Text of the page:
One of the consequences of our fondness for beaches is pressure on native birds that live there. Whilst sea gulls may seem very robust, other birds are less so. One is the endangered NZ dotterel or tūturiwhatu. There’s only about 1700 birds left of this species, and the North Island populations are only found in the upper north. The nesting strategy for this bird is a simple scrape in the ground. This means the nests are easily damaged or disturbed by well, almost anything. This includes people, dogs, SUVs etc.
Close to where I live is the Okura reserve and there is an isolated sweep of beach (near the old Dancre cottage) that has a small population. Some days I’ve hiked out there with one of my sons and we’ve just sat, watching them through binoculars. I have for sometime, been trying to get some good pictures of them as well. Open beach is not easy to get close to birds with, and avoid startling or scaring them.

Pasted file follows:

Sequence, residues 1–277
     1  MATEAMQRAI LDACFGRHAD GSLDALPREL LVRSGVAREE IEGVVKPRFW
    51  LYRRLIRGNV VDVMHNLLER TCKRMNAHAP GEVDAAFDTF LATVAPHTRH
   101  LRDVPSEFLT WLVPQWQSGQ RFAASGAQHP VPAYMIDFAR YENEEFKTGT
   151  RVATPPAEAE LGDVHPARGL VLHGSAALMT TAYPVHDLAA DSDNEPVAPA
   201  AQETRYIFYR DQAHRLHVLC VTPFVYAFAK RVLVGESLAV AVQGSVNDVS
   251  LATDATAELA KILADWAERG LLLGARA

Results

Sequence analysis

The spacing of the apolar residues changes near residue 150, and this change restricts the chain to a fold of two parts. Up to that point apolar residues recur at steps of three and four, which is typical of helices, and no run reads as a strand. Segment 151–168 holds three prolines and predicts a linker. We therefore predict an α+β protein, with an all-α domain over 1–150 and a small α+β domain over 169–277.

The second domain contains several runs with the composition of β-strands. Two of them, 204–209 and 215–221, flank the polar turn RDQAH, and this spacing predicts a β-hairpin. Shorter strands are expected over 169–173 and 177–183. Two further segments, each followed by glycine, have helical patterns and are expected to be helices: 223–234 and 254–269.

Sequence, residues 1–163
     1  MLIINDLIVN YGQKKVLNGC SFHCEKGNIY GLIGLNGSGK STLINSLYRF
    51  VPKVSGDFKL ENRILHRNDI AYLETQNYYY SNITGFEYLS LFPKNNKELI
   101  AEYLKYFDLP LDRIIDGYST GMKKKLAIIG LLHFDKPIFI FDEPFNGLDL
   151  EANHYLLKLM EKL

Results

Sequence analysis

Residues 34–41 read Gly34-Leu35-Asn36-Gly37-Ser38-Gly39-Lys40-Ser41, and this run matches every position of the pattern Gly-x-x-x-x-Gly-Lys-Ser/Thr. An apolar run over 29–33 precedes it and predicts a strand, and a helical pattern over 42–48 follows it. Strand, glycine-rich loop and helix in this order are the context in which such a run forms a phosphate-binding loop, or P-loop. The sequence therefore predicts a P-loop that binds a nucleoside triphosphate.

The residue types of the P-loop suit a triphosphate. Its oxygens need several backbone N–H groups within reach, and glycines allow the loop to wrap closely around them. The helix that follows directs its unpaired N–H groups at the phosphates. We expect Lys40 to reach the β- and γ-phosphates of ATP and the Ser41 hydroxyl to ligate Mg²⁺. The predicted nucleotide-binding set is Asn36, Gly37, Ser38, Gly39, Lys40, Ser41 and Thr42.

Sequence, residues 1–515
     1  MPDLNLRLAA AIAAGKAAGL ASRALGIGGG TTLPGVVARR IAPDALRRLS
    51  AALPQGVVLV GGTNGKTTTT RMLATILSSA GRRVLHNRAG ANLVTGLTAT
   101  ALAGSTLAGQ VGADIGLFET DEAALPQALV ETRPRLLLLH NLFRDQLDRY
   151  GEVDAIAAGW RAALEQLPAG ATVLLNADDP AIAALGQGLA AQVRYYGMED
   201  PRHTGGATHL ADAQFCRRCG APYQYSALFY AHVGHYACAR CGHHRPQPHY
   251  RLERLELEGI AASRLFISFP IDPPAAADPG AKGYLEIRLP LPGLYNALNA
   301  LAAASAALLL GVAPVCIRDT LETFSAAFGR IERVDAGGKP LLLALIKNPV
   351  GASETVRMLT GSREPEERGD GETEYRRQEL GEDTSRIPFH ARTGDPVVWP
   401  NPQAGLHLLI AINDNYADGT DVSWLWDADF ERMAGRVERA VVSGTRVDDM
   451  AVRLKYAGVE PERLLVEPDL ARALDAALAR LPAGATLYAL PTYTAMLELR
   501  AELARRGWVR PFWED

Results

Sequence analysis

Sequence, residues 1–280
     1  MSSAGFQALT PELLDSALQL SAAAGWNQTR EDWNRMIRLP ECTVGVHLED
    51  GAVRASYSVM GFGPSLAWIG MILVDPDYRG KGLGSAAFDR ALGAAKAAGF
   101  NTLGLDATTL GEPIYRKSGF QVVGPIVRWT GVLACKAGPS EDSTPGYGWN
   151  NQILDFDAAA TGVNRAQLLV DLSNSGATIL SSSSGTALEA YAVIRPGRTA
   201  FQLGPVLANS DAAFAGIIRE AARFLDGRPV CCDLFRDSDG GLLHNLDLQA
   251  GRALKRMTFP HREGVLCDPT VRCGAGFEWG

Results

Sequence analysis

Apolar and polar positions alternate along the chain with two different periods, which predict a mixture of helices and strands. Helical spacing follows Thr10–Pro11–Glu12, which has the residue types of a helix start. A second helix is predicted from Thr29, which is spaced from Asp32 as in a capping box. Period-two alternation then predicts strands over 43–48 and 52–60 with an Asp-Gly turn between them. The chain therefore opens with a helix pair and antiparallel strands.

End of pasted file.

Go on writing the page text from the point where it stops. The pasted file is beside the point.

Last week I succeeded with a bit of planning and a bit of luck. One the planning side, I dressed carefully in stone or khaki clothing to blend into the beach. A stone-coloured brimmed hat finished the look, and I eschewed sunglasses. There would be no dark areas on my body or outline. There was also a large log washed up on the beach I could conceal myself behind by laying beside it. I had about an hour there, able to watch and take pictures. For the first time I ended up with a series that didn’t require cropping. In fact, the birds seemed curious about the shutter sound and came closer than I expected. Here’s a sample: